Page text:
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1 April 2007 Precommercial Thinning Reduces Snowshoe Hare Abundance in the Short Term
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Abstract

Management of young forests is not often considered in conservation plans, but young forests provide habitat for some species of conservation concern. Snowshoe hares (Lepus americanus), critical prey of forest carnivores including the United States federally threatened Canada lynx (Lynx canadensis), can be abundant in young montane and subalpine forests with densely spaced saplings and shrub cover. Precommercial thinning (PCT) is a silvicultural technique that reduces sapling and shrub density on young forest stands. We tested for effects of PCT on snowshoe hare abundance for 2 years after experimental treatment at 3 replicate study areas. We also tested the effectiveness of a precommercial thinning with reserves (PCT-R) prescription, where 20% of the total stand was retained in uncut quarter-hectare patches. All stands were in montane–subalpine coniferous forests of western Montana, USA, where there is a persistent population of Canada lynx. Posttreatment changes in abundance were strongly negative on stands treated with standard PCT prescriptions (100% of the stand was treated), relative to both controls and stands treated with PCT-R. Trapping, snowtrack, and winter fecal-pellet indices indicated that snowshoe hares used the quarter-ha retention patches more than thinned portions of the PCT-R-treated stands in winter. We suggest that managing forest landscapes for high snowshoe hare abundance will require adoption of silvicultural techniques like PCT-R for stands that will be thinned, in addition to conservation of structurally valuable early and late-successional forest stands.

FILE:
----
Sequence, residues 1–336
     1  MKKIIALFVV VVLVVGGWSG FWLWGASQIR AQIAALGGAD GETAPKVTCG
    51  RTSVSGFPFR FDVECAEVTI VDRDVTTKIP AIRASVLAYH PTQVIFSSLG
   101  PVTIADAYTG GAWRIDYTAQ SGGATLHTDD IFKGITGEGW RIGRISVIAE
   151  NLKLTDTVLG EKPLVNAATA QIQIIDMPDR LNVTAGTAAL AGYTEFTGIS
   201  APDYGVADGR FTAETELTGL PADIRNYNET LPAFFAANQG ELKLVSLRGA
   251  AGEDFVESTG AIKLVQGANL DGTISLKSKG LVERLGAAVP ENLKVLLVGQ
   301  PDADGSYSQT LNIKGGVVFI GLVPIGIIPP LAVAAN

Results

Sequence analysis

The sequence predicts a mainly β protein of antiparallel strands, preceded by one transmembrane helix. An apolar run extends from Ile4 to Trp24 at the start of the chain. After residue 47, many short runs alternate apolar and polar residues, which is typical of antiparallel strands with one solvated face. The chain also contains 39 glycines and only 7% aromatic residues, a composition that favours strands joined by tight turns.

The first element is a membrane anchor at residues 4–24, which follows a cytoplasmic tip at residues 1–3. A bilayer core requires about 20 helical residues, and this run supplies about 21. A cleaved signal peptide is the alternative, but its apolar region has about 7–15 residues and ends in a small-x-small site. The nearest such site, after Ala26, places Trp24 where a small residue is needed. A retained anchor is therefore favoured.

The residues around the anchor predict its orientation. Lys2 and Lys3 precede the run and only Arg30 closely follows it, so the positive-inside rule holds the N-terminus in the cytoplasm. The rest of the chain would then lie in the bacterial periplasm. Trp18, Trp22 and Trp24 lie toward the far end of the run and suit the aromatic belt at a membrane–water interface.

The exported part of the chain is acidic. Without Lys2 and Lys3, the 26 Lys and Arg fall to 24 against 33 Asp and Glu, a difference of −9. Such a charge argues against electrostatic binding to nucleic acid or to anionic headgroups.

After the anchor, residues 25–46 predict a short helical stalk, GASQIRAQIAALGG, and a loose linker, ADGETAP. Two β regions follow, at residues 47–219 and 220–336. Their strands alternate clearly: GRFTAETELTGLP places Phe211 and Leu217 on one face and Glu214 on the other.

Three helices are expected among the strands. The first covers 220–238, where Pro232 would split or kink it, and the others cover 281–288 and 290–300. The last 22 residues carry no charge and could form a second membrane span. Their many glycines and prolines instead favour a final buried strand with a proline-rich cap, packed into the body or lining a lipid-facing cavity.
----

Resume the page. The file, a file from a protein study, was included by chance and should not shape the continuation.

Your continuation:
PAUL C. GRIFFIN and L. Scott Mills "Precommercial Thinning Reduces Snowshoe Hare Abundance in the Short Term," Journal of Wildlife Management 71(2), 559-564, (1 April 2007). https://doi.org/10.2193/2004-007
Published: 1 April 2007
JOURNAL ARTICLE
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